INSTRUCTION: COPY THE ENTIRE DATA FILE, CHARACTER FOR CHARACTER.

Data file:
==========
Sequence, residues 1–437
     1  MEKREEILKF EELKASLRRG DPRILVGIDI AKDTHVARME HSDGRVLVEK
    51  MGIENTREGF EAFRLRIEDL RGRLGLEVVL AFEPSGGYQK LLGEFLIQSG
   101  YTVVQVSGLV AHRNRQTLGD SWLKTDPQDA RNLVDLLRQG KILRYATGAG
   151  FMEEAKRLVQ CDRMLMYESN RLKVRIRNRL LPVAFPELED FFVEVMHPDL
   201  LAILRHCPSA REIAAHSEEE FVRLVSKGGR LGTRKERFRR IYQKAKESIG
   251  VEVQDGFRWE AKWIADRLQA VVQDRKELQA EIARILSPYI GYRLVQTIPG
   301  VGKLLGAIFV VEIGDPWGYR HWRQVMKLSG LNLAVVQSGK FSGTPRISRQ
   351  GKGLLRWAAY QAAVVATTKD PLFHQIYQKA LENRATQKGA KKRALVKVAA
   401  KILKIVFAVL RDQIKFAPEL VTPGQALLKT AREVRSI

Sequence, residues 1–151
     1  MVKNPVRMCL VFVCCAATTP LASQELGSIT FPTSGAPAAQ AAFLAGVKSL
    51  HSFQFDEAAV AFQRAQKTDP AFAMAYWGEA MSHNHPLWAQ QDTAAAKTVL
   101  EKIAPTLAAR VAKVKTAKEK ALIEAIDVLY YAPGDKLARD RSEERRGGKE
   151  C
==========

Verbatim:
Sequence, residues 1–437
     1  MEKREEILKF EELKASLRRG DPRILVGIDI AKDTHVARME HSDGRVLVEK
    51  MGIENTREGF EAFRLRIEDL RGRLGLEVVL AFEPSGGYQK LLGEFLIQSG
   101  YTVVQVSGLV AHRNRQTLGD SWLKTDPQDA RNLVDLLRQG KILRYATGAG
   151  FMEEAKRLVQ CDRMLMYESN RLKVRIRNRL LPVAFPELED FFVEVMHPDL
   201  LAILRHCPSA REIAAHSEEE FVRLVSKGGR LGTRKERFRR IYQKAKESIG
   251  VEVQDGFRWE AKWIADRLQA VVQDRKELQA EIARILSPYI GYRLVQTIPG
   301  VGKLLGAIFV VEIGDPWGYR HWRQVMKLSG LNLAVVQSGK FSGTPRISRQ
   351  GKGLLRWAAY QAAVVATTKD PLFHQIYQKA LENRATQKGA KKRALVKVAA
   401  KILKIVFAVL RDQIKFAPEL VTPGQALLKT AREVRSI

Sequence, residues 1–151
     1  MVKNPVRMCL VFVCCAATTP LASQELGSIT FPTSGAPAAQ AAFLAGVKSL
    51  HSFQFDEAAV AFQRAQKTDP AFAMAYWGEA MSHNHPLWAQ QDTAAAKTVL
   101  EKIAPTLAAR VAKVKTAKEK ALIEAIDVLY YAPGDKLARD RSEERRGGKE
   151  C